Filling My Mother's Shoes
Suzanne Nielsen
Break
My mother wore heels to bed. Size 9. Medium width. She wore heels every day of her life, even when she and my father'd go fishing on the great northern lakes of Minnesota the third week of August. Not flashy heels by any means. Mostly muted taupes, browns, and variations of black. Occasionally she'd move into red hues, but not often. She was not a proponent of polishing shoes, only wearing them.
How could she sleep in heels, you might ask. Since I can remember, she and my father slept in different corners of the house. The Pomeranian shared her bed with her for six years, but avoided her feet, always curled up on the satin pillow next to her head.
The thing I remember most about the size 9's was the perpetual sound of being under construction. The bungalow style house we lived in had bare maple floors throughout with the exception of vinyl floor covering in the bathroom and kitchen. In high school I moved into the basement, away from the yipping dog and heavy smell of Opium cologne. The hammering of the heels echoed through the floorboards until the black nights faded to gray mornings, seven days a week. Following the hammering was a trail of clickity-clicks, the sound cards make stuck in the spokes of your bike wheels. That was the Pomeranian, dutifully following her around.
She never slept much. One day she discovered her leg had swollen and her heeled shoe was permanently planted on her left foot. This was the beginning of a series of unfortunate events.
Nine months later, my mother lay in a hospital bed spitting up muted blood. Her feet were bare, swollen and blue. I was shuffling cards for my next game of solitaire. A week earlier I watched a team of medical professionals hold my mother down as they gently made incisions along the sides of her leather shoe and lifted it off her foot. It was as though she was giving birth through cesarean, and the fetus was still born. That was the day she unwillingly surrendered her dignity and her mind turned to Jell-O.
For a moment in time, the shuffling of the cards sprung her back into action. "Where's my shoes?" she said. "In your closet," I answered. A red seven on a black eight, the luck of an Ace, click, click, click. "Get them and put them on my feet." I walked over to the closet in my rubber-soled Doc Martin's and reached inside for the pair that she wore walking into the hospital just seven days earlier. The left shoe mutilated and deformed, like her foot now naked. "Let me see," she said holding her hands out to grab the shoes from me. "Did Sy chew this up like this?" "Must have," I said. "Nasty little dog," she said.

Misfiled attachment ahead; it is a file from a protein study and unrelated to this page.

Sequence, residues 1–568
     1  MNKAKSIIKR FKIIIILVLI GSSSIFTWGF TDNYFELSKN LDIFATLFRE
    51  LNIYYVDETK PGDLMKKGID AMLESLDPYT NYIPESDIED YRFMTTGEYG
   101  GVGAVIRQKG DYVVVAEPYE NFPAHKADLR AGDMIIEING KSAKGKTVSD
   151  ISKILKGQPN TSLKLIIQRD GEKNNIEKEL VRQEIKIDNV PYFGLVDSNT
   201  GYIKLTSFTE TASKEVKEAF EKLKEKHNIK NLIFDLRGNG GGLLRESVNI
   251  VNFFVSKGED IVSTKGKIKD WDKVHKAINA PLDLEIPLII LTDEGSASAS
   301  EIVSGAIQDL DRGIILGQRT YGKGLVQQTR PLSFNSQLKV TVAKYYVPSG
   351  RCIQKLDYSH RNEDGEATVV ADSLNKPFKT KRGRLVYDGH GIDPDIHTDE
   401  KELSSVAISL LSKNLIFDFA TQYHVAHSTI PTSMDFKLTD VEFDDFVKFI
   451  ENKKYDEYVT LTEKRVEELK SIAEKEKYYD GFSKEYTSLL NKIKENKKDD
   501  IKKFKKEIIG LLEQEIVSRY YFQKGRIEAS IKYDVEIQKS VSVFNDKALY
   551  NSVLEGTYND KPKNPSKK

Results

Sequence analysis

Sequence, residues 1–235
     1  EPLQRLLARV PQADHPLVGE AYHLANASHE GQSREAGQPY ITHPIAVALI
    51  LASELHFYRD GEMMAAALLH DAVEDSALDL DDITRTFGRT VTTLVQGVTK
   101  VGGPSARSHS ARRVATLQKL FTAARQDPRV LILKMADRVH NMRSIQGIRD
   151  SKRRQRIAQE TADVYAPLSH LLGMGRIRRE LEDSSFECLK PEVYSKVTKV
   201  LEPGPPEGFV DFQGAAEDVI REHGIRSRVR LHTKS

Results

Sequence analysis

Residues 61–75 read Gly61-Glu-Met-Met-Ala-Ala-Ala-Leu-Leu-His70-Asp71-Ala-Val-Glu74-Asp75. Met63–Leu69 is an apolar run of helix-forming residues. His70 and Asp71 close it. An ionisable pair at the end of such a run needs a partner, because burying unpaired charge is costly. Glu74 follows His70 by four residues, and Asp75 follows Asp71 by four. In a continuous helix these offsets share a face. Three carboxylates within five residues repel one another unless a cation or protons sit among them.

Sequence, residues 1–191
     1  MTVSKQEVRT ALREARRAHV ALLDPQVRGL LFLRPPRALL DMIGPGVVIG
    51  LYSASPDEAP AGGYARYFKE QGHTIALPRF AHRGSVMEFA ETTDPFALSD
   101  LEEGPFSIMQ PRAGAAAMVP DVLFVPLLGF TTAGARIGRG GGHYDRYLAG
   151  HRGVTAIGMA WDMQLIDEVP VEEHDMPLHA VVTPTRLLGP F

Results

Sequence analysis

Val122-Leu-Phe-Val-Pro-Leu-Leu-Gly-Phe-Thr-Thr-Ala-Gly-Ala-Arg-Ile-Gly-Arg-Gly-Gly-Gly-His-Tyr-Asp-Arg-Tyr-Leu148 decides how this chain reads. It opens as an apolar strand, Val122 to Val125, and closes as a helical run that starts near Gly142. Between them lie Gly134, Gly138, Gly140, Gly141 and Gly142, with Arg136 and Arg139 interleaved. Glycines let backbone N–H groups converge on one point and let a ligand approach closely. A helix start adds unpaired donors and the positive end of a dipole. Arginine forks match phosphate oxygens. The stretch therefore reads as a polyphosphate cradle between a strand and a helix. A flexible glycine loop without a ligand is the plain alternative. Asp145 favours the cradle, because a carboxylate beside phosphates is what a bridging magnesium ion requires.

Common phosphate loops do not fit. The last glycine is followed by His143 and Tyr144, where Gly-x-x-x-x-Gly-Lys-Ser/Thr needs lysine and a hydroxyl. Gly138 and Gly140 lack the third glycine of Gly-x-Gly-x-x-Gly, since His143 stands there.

I worked the shoes, shoving her swollen feet into their confines. She was the princess of the ball, and she was late to get home.
Suzanne Nielsen, a native of St. Paul, Minnesota, teaches writing at Minneapolis College of Art and Design (MCAD) and at Metropolitan State University. Her poetry, fiction and essays appear in literary journals nationally and internationally; some of these include The Comstock Review, The Copperfield Review, Mid-America Poetry Review, Foliate Oak, Juked, Identity Theory, The Pedestal, Pindeldyboz, Rosebud, Rumble, Thunder Sandwich, The 13th Warrior Review, Word Riot and 580 Split. Upcoming work will appear in Banyan Review, R-KV-R-Y, Lodestar Quarterly and Gin Bender Poetry Review. Nielsen was recognized by storySouth's Million Writers Award in 2005 for a notable story. So'ham Books released her collection of poetry titled "East of the River," in December 2005. So'ham will publish her collection of short fiction in December of 2006, titled "The Moon Behind the 8-Ball & Other Stories."